But the idea of transformation has always been something that I romanticize in a work. I’m cautious of it but I also need it to connect my thoughts with the process of making. That’s really important.
The documentary, A Litany for Survival: The Life and Work of Audre Lorde is the result of an eight year struggle to create a film that would expose a wide audience to Audre Lorde’s genius. First and foremost a poet, Audre Lorde’s work has contributed to social justice and visionary writing by providing countless examples of how to be brave, especially as an outsider, and do one’s work, using “whatever piece of power you own, no matter how small, in the service of what you believe.”
I first met Audre during the late ‘70s after a reading at Mount Holyoke College in western Massachusetts. She had recently undergone surgery for breast cancer and was in the process of finishing The Cancer Journals. This was a woman who definitely knew where her power was located—inside herself; and had obviously spent a lot of time refueling. I began reading everything she wrote, before or since, that I could get my hands on. On the page, as in person, I found a black lesbian feminist who could articulate unique complex analysis using language that was truthful, loving and accessible; someone who could connect with the experiences and progressive visions of others, as Adrienne Rich put it, “from her own location.” I began to construct a film about Audre after realizing that in the face of her recurring bouts with cancer, a film about her life and literature was not only necessary, but possible. It was inconceivable to me to miss the opportunity of working with her to accomplish the task. The fruits of this decision have been rich, bitter and sweet, immensely gratifying and nourishing rewards of a decade’s work.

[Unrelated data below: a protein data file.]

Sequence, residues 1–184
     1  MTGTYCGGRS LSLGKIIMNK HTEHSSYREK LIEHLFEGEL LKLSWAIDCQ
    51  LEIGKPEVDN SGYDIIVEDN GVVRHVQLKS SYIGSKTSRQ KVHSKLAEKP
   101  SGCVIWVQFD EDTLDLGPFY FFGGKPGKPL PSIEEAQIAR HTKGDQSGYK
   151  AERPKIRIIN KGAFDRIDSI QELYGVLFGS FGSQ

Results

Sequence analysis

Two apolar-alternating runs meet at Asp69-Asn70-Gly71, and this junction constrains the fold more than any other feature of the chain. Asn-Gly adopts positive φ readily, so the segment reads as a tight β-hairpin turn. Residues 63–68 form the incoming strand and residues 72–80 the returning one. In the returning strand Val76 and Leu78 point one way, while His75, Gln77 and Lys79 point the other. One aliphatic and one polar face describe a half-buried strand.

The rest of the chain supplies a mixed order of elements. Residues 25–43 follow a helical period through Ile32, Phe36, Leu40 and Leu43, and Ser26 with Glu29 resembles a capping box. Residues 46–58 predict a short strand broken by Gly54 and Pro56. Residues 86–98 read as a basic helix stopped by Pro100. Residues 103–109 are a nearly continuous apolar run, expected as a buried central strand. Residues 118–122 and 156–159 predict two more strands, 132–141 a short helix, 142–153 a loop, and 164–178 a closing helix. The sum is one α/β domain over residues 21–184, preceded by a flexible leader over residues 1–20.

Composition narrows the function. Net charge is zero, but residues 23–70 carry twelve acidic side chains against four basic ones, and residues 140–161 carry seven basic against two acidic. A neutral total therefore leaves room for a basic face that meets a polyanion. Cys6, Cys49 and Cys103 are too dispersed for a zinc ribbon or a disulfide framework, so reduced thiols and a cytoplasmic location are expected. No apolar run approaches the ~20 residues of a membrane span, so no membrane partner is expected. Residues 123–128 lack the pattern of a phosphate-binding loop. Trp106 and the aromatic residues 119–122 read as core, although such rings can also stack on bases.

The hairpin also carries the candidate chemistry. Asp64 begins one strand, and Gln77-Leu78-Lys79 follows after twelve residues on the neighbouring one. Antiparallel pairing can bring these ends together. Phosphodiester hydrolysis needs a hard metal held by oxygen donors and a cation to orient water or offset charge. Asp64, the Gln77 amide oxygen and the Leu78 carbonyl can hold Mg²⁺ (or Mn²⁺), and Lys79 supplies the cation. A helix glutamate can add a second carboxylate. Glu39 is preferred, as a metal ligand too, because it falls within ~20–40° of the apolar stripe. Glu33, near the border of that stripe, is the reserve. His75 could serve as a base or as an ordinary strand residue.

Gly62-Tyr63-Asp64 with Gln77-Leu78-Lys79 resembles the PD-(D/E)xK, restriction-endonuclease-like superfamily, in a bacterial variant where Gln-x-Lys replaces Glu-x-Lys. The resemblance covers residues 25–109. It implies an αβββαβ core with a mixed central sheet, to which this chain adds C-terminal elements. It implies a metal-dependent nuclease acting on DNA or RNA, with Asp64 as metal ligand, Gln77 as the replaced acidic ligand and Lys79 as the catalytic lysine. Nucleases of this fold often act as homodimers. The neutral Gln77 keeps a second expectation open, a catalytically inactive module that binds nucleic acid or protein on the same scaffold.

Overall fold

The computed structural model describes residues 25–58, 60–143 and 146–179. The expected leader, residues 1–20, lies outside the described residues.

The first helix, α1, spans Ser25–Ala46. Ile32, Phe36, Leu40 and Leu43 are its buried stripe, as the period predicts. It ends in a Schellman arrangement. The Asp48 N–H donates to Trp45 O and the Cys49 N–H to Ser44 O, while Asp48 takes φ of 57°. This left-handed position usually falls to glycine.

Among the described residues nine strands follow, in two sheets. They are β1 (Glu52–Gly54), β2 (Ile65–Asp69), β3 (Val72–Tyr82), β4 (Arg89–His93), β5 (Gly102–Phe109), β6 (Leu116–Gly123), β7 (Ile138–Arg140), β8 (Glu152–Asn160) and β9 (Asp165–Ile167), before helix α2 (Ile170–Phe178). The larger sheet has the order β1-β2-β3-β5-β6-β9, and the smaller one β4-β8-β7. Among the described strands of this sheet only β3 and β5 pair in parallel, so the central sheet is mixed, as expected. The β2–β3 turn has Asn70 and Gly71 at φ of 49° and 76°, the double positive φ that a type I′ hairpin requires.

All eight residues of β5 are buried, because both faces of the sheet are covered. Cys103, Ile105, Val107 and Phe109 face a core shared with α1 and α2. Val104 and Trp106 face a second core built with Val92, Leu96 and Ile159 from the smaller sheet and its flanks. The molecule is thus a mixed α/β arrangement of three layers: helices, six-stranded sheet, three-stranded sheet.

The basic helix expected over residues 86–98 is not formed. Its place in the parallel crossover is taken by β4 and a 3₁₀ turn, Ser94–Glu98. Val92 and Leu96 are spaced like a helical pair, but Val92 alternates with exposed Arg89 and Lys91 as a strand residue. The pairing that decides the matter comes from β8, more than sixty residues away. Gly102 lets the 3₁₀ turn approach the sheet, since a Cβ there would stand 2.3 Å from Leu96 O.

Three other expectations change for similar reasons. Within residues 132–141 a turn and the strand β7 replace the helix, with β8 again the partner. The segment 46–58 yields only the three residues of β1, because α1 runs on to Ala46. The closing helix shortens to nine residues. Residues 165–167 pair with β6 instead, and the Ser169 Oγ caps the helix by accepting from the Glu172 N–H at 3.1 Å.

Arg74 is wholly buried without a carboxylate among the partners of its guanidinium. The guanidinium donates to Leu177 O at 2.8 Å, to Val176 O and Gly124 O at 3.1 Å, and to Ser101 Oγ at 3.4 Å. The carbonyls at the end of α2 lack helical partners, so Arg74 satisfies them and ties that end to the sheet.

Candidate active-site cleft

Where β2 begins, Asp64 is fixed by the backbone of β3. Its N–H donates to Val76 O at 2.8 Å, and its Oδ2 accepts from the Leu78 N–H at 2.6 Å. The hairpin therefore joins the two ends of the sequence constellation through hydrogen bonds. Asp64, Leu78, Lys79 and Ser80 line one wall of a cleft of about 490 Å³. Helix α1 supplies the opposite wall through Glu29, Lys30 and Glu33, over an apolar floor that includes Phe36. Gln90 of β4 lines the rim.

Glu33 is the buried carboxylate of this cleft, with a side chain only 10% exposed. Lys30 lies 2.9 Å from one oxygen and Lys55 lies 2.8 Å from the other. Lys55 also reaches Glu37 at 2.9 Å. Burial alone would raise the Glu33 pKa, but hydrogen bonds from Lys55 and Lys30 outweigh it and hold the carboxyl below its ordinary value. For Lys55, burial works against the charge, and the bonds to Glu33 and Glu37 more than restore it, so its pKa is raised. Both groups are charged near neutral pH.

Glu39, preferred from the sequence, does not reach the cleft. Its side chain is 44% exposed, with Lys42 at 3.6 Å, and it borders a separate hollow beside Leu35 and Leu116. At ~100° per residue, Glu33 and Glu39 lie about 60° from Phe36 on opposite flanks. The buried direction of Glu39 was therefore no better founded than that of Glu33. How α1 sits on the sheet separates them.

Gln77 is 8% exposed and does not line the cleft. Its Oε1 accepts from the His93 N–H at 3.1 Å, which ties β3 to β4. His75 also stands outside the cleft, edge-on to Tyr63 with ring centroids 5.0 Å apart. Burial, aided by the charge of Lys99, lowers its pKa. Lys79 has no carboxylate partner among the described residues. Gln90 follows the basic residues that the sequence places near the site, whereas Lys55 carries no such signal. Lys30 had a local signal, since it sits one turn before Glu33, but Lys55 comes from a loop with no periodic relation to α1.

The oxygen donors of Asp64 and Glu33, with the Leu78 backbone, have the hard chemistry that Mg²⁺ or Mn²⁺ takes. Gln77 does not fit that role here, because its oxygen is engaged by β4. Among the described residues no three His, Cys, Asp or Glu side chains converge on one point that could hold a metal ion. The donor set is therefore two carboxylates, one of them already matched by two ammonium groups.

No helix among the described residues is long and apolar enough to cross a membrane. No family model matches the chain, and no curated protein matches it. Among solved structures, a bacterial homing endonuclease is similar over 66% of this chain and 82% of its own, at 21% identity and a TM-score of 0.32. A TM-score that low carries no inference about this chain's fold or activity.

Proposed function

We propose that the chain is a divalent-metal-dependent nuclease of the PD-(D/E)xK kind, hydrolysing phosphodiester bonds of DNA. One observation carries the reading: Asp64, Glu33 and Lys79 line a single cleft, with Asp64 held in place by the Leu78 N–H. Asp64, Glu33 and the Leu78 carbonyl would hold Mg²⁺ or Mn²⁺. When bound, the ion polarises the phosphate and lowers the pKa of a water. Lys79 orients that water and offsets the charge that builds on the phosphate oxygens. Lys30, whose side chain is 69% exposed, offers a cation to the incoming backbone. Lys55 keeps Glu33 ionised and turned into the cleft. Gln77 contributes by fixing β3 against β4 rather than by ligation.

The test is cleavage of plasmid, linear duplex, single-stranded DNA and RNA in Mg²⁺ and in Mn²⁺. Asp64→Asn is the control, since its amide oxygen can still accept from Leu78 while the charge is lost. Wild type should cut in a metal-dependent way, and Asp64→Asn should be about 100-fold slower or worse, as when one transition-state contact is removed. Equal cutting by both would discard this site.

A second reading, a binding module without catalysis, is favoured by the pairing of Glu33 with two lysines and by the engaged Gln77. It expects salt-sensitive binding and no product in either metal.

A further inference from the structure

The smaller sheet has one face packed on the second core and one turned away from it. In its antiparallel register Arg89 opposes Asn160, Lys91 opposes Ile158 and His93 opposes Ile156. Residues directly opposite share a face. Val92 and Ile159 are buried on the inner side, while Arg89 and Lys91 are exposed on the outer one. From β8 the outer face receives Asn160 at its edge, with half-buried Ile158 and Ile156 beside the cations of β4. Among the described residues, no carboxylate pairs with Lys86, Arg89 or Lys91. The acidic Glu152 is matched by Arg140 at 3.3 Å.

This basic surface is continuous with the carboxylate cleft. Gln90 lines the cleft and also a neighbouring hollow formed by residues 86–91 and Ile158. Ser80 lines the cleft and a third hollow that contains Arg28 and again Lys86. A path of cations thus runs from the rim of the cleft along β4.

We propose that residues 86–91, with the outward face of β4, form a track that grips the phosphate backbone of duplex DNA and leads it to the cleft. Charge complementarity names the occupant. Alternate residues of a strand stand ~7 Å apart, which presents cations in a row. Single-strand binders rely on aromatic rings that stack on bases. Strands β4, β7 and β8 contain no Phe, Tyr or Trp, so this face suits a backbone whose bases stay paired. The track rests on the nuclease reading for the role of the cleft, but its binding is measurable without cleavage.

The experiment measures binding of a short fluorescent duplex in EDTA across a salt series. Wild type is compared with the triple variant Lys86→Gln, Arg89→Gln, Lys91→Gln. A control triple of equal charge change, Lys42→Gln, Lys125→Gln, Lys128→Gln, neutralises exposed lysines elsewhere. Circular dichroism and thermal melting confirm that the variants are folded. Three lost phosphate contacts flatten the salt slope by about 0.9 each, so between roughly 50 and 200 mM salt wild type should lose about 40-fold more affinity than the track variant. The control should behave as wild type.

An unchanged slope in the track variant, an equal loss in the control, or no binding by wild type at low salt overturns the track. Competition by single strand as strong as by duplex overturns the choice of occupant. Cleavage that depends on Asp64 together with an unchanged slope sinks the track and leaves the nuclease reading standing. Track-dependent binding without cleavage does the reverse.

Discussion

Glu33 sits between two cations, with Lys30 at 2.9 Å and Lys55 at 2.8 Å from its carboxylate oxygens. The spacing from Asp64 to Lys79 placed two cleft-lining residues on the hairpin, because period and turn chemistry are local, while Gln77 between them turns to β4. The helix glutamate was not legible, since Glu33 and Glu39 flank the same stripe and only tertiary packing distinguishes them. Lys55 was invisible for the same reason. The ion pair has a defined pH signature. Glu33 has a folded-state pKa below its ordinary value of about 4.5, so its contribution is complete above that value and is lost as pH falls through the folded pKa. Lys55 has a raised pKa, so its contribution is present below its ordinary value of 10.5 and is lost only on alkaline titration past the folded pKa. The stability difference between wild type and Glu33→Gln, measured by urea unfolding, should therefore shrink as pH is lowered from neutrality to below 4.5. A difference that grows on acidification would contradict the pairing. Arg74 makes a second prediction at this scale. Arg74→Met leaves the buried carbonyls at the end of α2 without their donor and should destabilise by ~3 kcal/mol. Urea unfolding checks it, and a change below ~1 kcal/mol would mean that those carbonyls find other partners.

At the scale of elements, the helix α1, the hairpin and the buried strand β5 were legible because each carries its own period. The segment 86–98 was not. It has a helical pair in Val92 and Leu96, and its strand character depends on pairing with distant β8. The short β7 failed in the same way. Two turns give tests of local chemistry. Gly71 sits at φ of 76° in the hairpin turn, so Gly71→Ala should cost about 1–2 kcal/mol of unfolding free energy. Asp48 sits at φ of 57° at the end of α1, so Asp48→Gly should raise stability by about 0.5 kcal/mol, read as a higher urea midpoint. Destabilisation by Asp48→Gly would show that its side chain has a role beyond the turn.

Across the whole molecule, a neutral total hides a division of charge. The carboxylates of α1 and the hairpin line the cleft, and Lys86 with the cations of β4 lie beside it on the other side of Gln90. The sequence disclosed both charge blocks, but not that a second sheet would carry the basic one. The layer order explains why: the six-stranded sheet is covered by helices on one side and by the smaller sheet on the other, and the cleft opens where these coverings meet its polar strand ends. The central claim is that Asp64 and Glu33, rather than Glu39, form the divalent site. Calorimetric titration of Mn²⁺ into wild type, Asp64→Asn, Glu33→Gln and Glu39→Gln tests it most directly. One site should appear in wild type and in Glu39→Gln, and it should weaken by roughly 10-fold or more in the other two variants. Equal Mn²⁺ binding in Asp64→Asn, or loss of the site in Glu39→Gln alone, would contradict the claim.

Litany is an opulent tapestry of history, poetry, music and politics. It charts Audre’s roots in the Caribbean, Harlem and Greenwich Village, her involvement in movements for Civil Rights, Women’s Liberation, Lesbian and Gay Liberation, and as a leader in the development of Black Lesbian Feminist thought, activism and expression. The film also charts her experience with cancer and exemplifies her roles as a teacher and orator.
The narration is provided by Lorde herself: taken from her recordings of poetry, prose, and from interviews conducted during the last six years of her life. Audre’s seductive narrative is interwoven with the voices of people who knew her: her children, students, colleagues and contemporary poets, such as Sonia Sanchez, Adrienne Rich, Barbara Smith, Maua Yvonne Flowers, Sapphire, Essex Hemphill, and Jewelle Gomez.
The creation of the film involved collaboration among myself, Audre Lorde, Michelle Parkerson (Gotta Make This Journey: Sweet Honey & the Rock, But Then She’s Betty Carter) and ultimately, editor Holly Fisher (Bullets for Breakfast) who was invaluable in translating the world of the writer to the medium of film. None of us had worked together previously. Each of us represented very different identities, politics and backgrounds, yet each understood the importance and appreciation of her own point of view.
After making its world premiere at Sundance in January 1995, Litany went on to win major awards at the San Francisco International Film Festival, Creteil Film de Femmes International Film Festival, the Los Angeles Gay and Lesbian Film Festival, and the Black Filmmakers Hall of Fame. A 50 minute version of Litany will be telecast on public television this summer as part of the celebrated P.O.V. series. The excerpts published here are from the longer film version.
MOTHER, LOOSEN MY TONGUE OR ADORN ME WITH A LIGHTER BURDEN
CALL, Audre Lorde, 1986